- My Search database has been corrupted. How do I clean it?
- In the extreme case your database is really corrupted and all other attempts have failed, you can delete the $KDEHOME/share/apps/nepomuk directory (where $KDEHOME is usually .kde or .kde4 in your home directory) while Nepomuk is not running. The database will be cleared, but you will also lose existing information such as tags, ratings and comments.
Sharing and privacy
There is one thing I need to touch on before pointing to other sources of information: sharing Nepomuk data. It'd be great if your tags, ratings and comments would be shared with others when you send them files. However, if you tagged a contact with a slightly embarrassing tag ('boring in bed') and send that persons contact information to a mutual friend you probably don't want that tag to be send as well...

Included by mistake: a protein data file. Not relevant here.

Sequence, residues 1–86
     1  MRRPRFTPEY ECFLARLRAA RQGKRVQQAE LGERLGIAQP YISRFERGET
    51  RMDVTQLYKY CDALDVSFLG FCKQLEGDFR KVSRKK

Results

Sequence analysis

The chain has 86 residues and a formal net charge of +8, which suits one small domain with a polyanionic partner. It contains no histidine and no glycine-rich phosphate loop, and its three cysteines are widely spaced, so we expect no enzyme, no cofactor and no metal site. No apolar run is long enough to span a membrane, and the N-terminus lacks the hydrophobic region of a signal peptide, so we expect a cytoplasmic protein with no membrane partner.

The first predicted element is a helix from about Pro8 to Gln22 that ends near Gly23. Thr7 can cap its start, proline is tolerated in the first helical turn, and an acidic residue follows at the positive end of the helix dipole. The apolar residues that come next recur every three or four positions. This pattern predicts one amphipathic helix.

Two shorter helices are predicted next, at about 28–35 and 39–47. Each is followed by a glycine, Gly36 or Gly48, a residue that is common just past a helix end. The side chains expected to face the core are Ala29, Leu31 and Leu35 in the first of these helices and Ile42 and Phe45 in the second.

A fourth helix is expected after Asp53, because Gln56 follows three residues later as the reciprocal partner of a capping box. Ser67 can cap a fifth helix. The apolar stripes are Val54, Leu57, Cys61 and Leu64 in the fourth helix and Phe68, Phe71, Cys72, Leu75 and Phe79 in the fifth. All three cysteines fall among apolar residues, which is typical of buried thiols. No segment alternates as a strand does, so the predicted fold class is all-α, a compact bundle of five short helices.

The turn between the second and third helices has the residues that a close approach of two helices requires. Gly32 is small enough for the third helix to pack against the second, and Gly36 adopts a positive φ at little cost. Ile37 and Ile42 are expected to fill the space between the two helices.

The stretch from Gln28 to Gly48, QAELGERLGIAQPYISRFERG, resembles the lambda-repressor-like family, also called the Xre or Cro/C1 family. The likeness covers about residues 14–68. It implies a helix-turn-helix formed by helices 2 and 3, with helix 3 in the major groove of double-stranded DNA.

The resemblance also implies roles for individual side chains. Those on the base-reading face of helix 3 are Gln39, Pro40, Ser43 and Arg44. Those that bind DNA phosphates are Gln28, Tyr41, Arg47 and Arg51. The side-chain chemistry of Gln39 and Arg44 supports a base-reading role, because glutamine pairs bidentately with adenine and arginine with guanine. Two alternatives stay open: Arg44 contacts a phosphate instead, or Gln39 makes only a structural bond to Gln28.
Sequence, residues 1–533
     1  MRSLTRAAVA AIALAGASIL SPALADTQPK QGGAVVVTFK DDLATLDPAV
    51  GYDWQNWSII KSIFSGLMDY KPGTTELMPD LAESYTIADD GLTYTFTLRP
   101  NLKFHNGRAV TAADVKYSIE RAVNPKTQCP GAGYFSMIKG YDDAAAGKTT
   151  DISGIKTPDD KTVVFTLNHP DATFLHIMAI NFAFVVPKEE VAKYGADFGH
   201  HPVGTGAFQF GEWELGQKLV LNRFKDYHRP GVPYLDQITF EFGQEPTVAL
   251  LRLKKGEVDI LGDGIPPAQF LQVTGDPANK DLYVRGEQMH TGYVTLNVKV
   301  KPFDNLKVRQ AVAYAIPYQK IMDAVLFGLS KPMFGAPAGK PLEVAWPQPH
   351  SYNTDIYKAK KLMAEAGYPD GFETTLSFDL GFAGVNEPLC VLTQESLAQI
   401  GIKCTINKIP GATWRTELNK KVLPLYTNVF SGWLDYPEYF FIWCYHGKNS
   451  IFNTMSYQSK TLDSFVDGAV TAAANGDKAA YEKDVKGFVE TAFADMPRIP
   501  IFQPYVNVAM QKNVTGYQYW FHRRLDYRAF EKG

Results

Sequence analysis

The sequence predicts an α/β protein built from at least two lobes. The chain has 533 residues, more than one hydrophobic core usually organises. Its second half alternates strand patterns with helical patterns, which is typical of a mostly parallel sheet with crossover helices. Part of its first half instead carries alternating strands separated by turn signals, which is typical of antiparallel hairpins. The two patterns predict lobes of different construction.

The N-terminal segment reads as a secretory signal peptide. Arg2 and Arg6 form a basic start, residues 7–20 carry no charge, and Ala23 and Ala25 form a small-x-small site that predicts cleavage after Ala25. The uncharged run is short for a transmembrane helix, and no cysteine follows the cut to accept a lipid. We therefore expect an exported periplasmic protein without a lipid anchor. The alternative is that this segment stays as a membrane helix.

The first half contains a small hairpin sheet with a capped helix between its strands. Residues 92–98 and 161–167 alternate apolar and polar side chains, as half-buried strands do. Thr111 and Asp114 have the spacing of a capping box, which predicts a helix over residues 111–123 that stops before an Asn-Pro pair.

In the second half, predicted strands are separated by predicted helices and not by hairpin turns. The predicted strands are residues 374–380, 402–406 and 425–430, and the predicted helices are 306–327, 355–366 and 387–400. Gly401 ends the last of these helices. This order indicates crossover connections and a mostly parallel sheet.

This issue is of course being considered and an important subject of research by the Nepomuk researchers. For the time being, these privacy concerns, combined with technical challenges, are the reason Nepomuk context is private. Rest assured the Nepomuk team does all it can to make sure your privacy is respected.
The new Search technology (post KDE Applications 4.13):
- user information article on the dot
- Developer information on community.kde.org
- Wikipedia - Semantic Desktop
The old Search technology: